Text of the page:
The End of Historical Objectivity

In the 1980s history found its very existence under assault. The birth of post-modernist theory, most popularised by E.H Carr’s famous text ‘What is History?’, marked a turning point in historical thought which led many historians to question the base nature of their practice. The argument against history followed through three main points:

1) History is not empirical and cannot be practised through scientific method. Thus it is not reliable.

2) History is not objective and is always influenced by its author and its context. Thus it cannot be trusted.

3) History is too complex be wholly explained through written or spoken language. Thus any attempt to write history will produce a work too incomplete to be legitimate.

Most historians would accept that these criticisms, if not true, are at least understandable. Personally I consider myself to follow post-modernist thought in many ways and its impact is clear from the uproar it has caused in the historical community. Some have even been proclaiming the ‘end to history’, that this means there is no purpose or utility to the profession.

Frankly, this is an absurd notion, and one that is thankfully being put to rest. However, the way in which history is being defended from these attacks raises new issues. The response seems to have been very much an offensive one, seeking to discredit the accusations against the profession and legitimising the historical practice. The problem with this is that it also legitimises empiricism in history; it comes over as a defence of pre-post-modernism as supposed to a defence of history in a post-modernist light.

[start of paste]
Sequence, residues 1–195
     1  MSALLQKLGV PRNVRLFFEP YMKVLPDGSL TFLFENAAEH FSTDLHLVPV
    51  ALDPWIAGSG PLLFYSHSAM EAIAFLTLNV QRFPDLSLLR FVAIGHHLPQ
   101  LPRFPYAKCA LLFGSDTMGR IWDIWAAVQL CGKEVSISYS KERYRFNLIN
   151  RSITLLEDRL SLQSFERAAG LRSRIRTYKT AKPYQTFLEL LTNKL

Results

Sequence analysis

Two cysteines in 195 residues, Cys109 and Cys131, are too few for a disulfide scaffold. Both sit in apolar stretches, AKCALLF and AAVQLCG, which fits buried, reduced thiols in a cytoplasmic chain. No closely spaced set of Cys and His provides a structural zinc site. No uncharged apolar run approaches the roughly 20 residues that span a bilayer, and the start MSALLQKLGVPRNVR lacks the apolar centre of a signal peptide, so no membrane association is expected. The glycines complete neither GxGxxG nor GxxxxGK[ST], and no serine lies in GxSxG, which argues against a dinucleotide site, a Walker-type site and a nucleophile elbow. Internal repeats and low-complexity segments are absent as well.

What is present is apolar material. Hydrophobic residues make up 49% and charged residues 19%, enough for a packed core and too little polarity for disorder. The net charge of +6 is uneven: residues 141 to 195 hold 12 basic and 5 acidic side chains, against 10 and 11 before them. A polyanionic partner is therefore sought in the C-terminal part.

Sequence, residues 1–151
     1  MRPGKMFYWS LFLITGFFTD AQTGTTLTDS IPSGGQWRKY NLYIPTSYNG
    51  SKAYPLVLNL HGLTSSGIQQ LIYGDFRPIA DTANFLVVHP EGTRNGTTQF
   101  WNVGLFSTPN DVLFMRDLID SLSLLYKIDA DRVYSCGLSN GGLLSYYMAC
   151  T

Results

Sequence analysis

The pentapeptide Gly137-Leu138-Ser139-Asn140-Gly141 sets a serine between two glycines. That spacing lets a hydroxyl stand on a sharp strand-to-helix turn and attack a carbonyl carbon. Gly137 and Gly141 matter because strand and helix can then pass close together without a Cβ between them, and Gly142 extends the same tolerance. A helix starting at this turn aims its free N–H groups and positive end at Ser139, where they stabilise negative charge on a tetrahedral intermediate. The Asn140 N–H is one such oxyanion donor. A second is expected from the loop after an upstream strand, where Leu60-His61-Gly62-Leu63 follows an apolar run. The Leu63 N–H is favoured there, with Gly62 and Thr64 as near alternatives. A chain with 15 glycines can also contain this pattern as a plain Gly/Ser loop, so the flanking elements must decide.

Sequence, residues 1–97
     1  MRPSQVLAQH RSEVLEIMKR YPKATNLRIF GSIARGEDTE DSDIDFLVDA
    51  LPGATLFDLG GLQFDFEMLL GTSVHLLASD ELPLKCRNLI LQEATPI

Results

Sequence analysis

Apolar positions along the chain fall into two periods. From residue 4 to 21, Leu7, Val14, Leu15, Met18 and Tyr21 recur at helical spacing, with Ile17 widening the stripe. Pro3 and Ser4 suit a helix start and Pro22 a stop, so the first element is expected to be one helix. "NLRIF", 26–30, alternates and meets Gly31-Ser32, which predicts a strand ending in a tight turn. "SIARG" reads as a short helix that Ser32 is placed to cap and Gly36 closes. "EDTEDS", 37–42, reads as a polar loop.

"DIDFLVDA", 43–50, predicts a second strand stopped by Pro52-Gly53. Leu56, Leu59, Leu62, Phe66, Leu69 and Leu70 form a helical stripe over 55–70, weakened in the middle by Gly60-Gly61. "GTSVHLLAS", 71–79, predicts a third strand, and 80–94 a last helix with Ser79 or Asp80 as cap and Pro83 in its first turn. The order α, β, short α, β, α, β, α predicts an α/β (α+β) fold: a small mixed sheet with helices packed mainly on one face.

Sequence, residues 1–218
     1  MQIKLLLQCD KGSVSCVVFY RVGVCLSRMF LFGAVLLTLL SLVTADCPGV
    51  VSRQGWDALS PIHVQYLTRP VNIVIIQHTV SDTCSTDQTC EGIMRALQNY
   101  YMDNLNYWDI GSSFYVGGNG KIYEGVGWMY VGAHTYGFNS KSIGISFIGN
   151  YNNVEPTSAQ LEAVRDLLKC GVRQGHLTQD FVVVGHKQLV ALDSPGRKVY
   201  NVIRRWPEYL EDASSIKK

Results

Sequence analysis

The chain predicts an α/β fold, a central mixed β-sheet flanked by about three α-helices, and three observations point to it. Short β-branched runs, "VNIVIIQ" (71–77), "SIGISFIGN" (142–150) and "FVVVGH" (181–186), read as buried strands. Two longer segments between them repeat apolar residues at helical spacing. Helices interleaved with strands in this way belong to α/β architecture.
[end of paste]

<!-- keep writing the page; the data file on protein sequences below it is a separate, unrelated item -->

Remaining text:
History does not need to return to 19th century practises to be viable. In fact, history does not need to do anything to be viable, except simply continue to be practiced. No amount of post-modernist critique or post-post-modernist rebuttals will spell an ‘end to history’. Why? I have three points of my own to make here:

1) Firstly, and rather obviously, let us remember that it is OK to do something without justification. If you are interested in history you need no excuse to research it. If somebody paints a landscape you dont ask them to explain why. As is pointed out by the post-modernists, history is not a science, and thus it enjoys the privilages of not being so, one of which being there no neccessity for immediate practical implication.

2) Secondly, it is crucial to note that although this debate may seem large in the historical sphere, it is barely heard of outside of university grounds. The attackers and defenders of history in this debate are (almost) all historians themselves and continue to practice as historians. Nobody who has predicted the ‘end of history’ has then promptly fired themselves. This is an internal debate which, if anything, has bolstered history. It is a sign of an active profession which is prepared to debate over its own existence in order to keep the school interesting and relevant.

3) Finally, history is history. Even post-modernists do not argue that there is no history, just that we can’t capture it in full. If history exists, people will seek to gain inspiration from it. Governments and organisations will wish to control it, people will want to record it, and humanity will seek to learn from it.

Author / Publisher: Louis Lorenzo

First Published: 14th of May 2017

Last Modified: 22nd of May 2018 (Grammar Corrections)

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